From Kobe beef A5 to premium sushi to street food hole in the walls and generations old noodle shops, Tokyo is one of the world’s greatest cities for food.

On my latest trip to Tokyo, David from The Hungry Tourist invited me to come on his high-end deep foodie Best of Tokyo Food Tour.

For a week, our group ate through a carefully researched selection of restaurants, most of them on the higher end side, with a few ramen and gyoza shops along the way.

In this blog post I’m going to share with you my personal highlights of the tour.

Kobe beef
Kobe beef at Wagyu Mafia

Kobe Beef at Wagyu Mafia

Wagyu Mafia is a group of Kobe and premium Wagyu beef specialists. They buy and source the beef themselves, do Kobe beef popups sometimes, and now have a flagship restaurant in Tokyo.

For our opening night of the tour, we had an insane Kobe beef meal, that included steak, sukiyaki, Chateaubriand steak sandwich, and not forgetting Kobe beef gyoza. It was an unforgettable meal.

Yakiniku at Nakahara

Yakiniku at Nakahara

Nakahara was probably my favorite meal of the entire tour, a restaurant that’s rated as one of the top Japanese yakiniku restaurants in Tokyo.

The Hungry Tourist had arranged for us to eat at the chef’s counter and the owner / chef cooked each bite of beef in front of us. One of his specialties are all parts of the wagyu tongue which was excellent, but the skirt steak and perfect wagyu cutlet sandwich were the courses that really blew me away.

Shima Steak

We went a little overboard on Japanese wagyu beef, and I’m very ok with that.

One more beef meal I just have to share with you is Shima Steak. At this unassuming family run basement restaurant in Tokyo, you’ll find premium Japanese beef, served western style, and it’s amazing.

You can either order the fillet or the sirloin, I got the sirloin, and the chef trims your steak and grills it in his personally designed one of a kind steak oven grill.

The steak is unbelievable!

best food Tokyo
Uni tempura at Motoyoshi

Tempura at Motoyoshi

One of the best things about high-end Japanese food is that you really do get the best of the best – in terms of quality of ingredients, skill of the chef, and perfection of the product.

At Tempura Motoyoshi, the chef pursues perfection, and his tempura is literally flawless, using the best vegetables and seafood, and frying each item perfectly. He’s even so meticulous about the oil for deep frying, and changed it a number of times throughout our meal.

The best bite for me was a fried shiso leaf, topped with uni.

Sushi Arai

On my previous trip to Tokyo, I tried a lot of amazing Japanese street food at Tsukiji fish market, but I didn’t have a chance to visit the inner market fish auction.

But on this tour with The Hungry Tourist, one of the highlights was having the amazing opportunity to go to the Tsukiji fish market tuna auction.

The next evening we ate sushi at Sushi Arai, a highly rated sushi omakase restaurant in Tokyo. It’s one of those sushi restaurants that only has 8 seats, and reservations are extremely hard. Chef Arai was an amazing chef, and his hands literally danced as he assembled perfect balls of rice and attached them to fish with the right balanced amount of wasabi.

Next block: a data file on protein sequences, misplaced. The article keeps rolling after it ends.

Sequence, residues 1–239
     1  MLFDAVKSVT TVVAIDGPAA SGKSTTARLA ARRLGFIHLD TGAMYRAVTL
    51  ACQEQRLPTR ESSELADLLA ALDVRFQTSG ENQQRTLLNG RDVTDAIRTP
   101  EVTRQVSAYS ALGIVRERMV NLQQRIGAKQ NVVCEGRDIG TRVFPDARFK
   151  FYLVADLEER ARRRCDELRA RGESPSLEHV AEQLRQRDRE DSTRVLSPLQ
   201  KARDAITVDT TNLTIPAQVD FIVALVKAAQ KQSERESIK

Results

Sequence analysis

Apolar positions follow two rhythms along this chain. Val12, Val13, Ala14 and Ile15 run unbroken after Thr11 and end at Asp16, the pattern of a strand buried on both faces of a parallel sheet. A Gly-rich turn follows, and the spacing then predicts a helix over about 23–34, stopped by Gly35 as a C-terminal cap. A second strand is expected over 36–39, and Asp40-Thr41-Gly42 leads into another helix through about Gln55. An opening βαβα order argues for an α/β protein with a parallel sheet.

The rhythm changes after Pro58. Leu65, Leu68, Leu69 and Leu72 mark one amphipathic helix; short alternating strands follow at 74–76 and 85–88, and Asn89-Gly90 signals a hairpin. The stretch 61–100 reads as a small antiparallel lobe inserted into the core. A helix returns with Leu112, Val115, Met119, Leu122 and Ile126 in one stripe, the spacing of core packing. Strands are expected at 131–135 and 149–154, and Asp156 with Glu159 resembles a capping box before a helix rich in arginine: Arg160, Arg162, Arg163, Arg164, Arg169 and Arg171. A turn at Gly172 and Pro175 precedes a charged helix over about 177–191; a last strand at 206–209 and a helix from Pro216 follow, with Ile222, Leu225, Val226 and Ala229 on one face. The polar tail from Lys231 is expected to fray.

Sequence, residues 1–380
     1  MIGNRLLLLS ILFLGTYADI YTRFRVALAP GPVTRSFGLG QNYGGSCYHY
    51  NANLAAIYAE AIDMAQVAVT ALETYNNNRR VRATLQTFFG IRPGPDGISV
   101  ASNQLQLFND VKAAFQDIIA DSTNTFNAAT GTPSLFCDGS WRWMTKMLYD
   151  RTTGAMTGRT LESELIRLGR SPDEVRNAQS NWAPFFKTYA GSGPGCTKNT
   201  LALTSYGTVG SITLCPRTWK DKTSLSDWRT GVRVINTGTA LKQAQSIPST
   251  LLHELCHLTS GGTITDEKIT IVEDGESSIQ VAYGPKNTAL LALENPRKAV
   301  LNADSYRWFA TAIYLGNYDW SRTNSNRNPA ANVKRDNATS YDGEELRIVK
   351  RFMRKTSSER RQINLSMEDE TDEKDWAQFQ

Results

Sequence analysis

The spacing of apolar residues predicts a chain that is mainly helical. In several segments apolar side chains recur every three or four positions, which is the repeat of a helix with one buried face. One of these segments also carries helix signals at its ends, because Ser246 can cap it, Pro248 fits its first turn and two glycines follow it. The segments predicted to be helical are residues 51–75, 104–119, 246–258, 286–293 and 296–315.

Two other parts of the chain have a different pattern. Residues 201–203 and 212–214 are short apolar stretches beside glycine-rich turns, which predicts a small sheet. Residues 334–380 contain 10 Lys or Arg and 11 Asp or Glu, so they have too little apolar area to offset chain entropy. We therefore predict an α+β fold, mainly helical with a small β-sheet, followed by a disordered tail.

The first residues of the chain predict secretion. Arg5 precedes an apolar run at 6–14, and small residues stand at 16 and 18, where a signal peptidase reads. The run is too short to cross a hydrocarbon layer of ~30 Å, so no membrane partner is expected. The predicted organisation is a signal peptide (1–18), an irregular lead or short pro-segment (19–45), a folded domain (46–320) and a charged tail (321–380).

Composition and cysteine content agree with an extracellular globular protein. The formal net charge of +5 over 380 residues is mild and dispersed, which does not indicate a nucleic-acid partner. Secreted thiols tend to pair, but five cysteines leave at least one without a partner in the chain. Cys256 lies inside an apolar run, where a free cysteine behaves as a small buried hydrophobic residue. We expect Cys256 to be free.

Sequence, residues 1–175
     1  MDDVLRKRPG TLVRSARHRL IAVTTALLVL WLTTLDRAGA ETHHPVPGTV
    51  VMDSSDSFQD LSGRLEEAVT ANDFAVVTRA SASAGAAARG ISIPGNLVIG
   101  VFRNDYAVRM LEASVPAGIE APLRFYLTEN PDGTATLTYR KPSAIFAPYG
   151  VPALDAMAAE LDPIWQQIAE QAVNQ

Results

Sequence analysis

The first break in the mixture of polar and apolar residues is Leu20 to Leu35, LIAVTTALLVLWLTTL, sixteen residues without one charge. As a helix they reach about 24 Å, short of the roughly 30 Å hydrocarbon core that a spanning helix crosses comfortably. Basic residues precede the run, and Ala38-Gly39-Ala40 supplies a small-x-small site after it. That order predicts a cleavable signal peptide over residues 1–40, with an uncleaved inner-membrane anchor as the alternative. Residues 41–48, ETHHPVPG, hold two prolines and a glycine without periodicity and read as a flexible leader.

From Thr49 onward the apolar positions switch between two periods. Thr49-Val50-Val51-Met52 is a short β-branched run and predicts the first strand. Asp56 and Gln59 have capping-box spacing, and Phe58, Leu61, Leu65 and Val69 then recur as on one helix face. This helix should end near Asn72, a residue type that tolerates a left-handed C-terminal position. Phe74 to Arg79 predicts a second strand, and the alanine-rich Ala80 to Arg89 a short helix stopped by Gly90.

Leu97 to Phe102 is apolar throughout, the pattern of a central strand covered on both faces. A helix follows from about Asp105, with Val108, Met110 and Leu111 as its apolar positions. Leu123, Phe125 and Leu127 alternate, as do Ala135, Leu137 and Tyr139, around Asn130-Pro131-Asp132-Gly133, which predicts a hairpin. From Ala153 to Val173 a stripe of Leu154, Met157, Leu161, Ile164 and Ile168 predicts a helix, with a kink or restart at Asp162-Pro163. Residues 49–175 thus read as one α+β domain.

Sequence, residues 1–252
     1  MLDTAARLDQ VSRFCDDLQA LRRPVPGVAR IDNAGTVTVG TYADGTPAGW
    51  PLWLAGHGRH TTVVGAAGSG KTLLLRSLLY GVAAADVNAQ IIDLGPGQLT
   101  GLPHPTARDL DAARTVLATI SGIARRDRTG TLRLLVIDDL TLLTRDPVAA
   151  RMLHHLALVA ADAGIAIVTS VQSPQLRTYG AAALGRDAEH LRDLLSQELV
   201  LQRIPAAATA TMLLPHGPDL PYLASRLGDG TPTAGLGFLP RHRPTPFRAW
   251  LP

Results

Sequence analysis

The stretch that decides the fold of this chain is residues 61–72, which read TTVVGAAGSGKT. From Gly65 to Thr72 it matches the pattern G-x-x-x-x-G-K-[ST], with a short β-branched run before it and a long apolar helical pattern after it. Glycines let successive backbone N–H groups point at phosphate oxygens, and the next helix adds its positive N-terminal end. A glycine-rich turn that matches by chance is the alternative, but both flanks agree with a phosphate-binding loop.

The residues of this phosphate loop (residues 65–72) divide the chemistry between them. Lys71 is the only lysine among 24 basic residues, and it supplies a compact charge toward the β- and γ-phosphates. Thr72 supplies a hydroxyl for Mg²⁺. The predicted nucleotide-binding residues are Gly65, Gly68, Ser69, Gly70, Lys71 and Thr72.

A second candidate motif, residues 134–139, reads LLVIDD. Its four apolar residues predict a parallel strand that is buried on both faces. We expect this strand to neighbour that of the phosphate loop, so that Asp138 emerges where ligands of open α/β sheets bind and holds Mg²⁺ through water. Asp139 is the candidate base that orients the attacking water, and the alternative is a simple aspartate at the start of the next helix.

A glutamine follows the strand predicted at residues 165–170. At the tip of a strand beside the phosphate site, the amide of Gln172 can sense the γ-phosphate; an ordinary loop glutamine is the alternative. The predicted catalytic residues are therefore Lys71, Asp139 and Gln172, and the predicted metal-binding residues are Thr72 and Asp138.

Piece by piece, made right in front of you, it was one of the most memorable sushi meals I’ve ever had.

Sushi Namba
Friendly chef at Sushi Namba

Sushi Namba

Another premium sushi restaurant we ate at was Sushi Namba, another extraordinary restaurant. The self taught sushi chef is not only very friendly, but he really demonstrated skill and creativity in the sushi and courses we ate.

All his nigiri were spectacular, and I also enjoyed a course of rice mixed with sea urchin and topped with caviar.

Sake ramen at Kazami

Sake Ramen at Kazami

One day we went on a ramen tour, going to three back to back ramen shops in Ginza. Along with chicken ramen and hand-made noodle ramen, one of my favorites was sake ramen.

While some Japanese food doesn’t have much room for experimentation or change, ramen being a modern, relatively recently added Japanese food, it is culturally appropriate to create new styles and flavors. For this bowl at Kazami, sake is used in the broth, which was more like a thick gravy. It almost had the same effect as a wine sauce, but with that wonderful undertone of sake.

Gyoza overdose!

Gyoza Gaudí

Yes, named after Antoni Gaudí, there’s a small izakaya gyoza shop in Tokyo’s Shimbashi nightlife district that serves incredible gyoza. On this night during the best of Tokyo food tour, we walked around eating with the Tokyo Fixer, who knows some seriously hidden gems of Tokyo.

This gyoza spot was exactly my style – friendly environment, and crazy good home-made gyoza. You can choose from about 15 different flavors or so, and we thought it would be a great idea to try them all. It was!

sushi in Tokyo
Sushi at Sushi Namba

There’s no other country that takes such care in the quality and perfection of food like Japan.

I’m really a spicy food, curry, full on flavor, kind of guy. But Japanese food is one cuisine that is so fresh, and so balanced, that little seasoning is needed.

Being on the best of Tokyo food tour with The Hungry Tourist was a once in a life opportunity and the meals were extraordinary.

NOTE: Thank you to The Hungry Tourist for inviting me to be a part of this tour. I didn’t pay for the food in this blog post. Check out The Hungry Tourist on Instagram and Facebook.